Mama Holiday

A photo, yellowed with age, sits on the mantelpiece. It shows a chubby toddler – shar-pei thighs and goofy grin – tearing up the beach, bearing bucket and spade.

Every family has one: the quintessential holiday snap from a time when life was simpler.

Our tradition was Tugun, a tiny Gold Coast hamlet that was once full of fibro houses. Sandcastles in the morning, beach cricket in the arvo and board games at night.

We’d compete to see who could pull off the longest slab of singed skin in those pre-sunscreen days.

When we had kids of our own, we wanted them to enjoy the same simple pleasures (although, not the singed skin). So began our annual pilgrimage five hours north of Sydney, or in my sister’s case, seven hours south of Brisbane, to Crescent Head.

This piece of paradise is rooted firmly in the 1950s.

A typical day starts with a surf off the point, with dolphins frolicking in the foam, and finishes with a meat raffle at the country club, followed by sweet-and-sour pork at the local Chinese.

Last year, our girls caught their first fish. Man vs. Wild is nothing on girl versus bream. After posing proudly, Grace dropped the fish back in the water squealing, “I’ve got blood on my hands!” like a member of the NSW Labor Right. A Kodak moment, as we used to say.

It’s no wonder Tourism Australia has returned to this tried-and-true formula for pitching the perfect family holiday.

TA’s research shows parents and kids rate an Australian beach holiday as comparable to, or better than, an overseas holiday in 13 of 15 categories, including swimming, relaxing, fishing, playing beach games and exploring rock pools.

Like the time we stumbled upon two bright orange octopuses and hundreds of blue starfish in the shallows at Racecourse beach.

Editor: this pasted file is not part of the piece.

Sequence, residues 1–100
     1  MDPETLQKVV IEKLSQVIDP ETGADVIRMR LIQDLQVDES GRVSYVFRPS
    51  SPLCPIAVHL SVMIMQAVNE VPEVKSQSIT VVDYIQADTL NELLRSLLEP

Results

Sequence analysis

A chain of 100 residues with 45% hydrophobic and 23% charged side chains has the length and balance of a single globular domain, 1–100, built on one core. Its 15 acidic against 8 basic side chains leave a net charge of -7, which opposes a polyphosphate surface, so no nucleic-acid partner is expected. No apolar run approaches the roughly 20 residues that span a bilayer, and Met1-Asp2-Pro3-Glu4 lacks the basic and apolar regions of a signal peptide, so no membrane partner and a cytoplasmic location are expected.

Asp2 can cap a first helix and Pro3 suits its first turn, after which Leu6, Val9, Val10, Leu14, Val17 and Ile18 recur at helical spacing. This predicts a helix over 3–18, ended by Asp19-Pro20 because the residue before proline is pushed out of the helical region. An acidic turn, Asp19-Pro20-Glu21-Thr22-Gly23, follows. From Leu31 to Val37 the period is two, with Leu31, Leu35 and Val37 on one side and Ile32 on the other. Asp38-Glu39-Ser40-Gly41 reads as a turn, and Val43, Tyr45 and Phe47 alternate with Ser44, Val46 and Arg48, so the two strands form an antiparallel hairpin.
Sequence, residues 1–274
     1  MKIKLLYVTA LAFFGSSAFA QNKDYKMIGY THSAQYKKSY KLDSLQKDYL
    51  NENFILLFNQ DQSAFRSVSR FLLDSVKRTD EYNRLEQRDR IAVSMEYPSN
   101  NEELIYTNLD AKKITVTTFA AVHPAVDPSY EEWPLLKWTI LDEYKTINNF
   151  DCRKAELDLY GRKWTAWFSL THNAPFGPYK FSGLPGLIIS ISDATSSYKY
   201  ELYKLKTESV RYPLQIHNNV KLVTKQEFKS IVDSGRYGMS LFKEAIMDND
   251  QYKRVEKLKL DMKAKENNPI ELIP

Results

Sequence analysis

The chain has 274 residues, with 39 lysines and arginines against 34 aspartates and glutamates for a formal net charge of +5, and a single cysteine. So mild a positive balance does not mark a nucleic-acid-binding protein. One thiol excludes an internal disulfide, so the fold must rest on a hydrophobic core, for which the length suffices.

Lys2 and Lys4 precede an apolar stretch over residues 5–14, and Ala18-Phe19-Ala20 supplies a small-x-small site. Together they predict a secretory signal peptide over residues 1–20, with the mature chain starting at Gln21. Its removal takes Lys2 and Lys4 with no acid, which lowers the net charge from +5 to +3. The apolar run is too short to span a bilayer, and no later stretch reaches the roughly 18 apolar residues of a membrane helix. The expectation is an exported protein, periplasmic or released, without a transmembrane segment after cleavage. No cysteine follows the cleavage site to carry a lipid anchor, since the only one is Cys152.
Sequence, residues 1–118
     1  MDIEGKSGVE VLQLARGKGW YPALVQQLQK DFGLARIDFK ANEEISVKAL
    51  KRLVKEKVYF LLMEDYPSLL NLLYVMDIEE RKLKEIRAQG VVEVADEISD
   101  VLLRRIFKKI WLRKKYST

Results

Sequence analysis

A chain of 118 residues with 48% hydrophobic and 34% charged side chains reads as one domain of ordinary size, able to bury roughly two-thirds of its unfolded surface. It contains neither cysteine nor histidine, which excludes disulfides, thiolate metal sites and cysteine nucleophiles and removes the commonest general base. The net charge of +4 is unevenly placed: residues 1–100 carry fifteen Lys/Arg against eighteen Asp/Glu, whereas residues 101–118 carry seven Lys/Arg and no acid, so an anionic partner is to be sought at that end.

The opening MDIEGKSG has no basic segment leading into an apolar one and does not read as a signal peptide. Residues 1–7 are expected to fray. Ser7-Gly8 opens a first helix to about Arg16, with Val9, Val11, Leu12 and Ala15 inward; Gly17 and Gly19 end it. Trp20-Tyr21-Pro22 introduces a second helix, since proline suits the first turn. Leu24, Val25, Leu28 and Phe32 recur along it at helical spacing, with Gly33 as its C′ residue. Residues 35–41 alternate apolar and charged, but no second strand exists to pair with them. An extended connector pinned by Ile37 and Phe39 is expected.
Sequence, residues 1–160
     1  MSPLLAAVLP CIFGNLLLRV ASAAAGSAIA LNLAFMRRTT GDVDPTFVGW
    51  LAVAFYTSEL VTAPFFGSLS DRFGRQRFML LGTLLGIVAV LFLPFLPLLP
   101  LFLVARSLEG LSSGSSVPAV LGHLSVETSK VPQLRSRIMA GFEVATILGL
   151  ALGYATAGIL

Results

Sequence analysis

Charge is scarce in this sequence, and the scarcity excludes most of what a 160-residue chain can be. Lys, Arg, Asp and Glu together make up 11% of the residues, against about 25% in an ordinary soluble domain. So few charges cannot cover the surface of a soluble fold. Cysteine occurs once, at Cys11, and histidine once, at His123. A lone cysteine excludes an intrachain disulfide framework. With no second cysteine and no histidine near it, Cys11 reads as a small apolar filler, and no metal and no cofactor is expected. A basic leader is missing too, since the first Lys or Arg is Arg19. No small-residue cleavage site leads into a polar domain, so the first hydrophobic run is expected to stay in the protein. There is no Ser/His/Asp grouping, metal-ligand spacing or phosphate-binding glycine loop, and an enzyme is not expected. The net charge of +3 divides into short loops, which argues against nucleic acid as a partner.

“Now, there’s nothing to worry about; they’re not going to hurt you,” I said to the kids, before shrieking, “Aaarrggh, it moved!” and running away.

But it’s not just the fabulous fauna that keeps us coming back.

“An Australian beach holiday provides the ideal environment for families to spend quality time together and for children to develop self confidence, life skills and values,” the managing director of Tourism Australia, Andrew McEvoy, says.

Time together is more valued by kids than they often let on.

After months of “unpack your school bag, do your homework, put your uniform in the wash, plates in the dishwasher, read a book, go to bed”, kids crave unstructured time together.

Although, we took that a little too far during the winter break.

Me: “Taj, aren’t they the same clothes you were wearing yesterday?” Taj: “Yep, and the day before. And the day before that.”

But isn’t that the best thing about holidays? There’s no such thing as “should”.

Clean clothes are optional. In fact, clothing is optional, full stop. After all, there’s nothing cuter than a dimpled baby’s bum on the beach.

Perhaps we should put that in our tourism ads?

Beats Lara Bingle any day.

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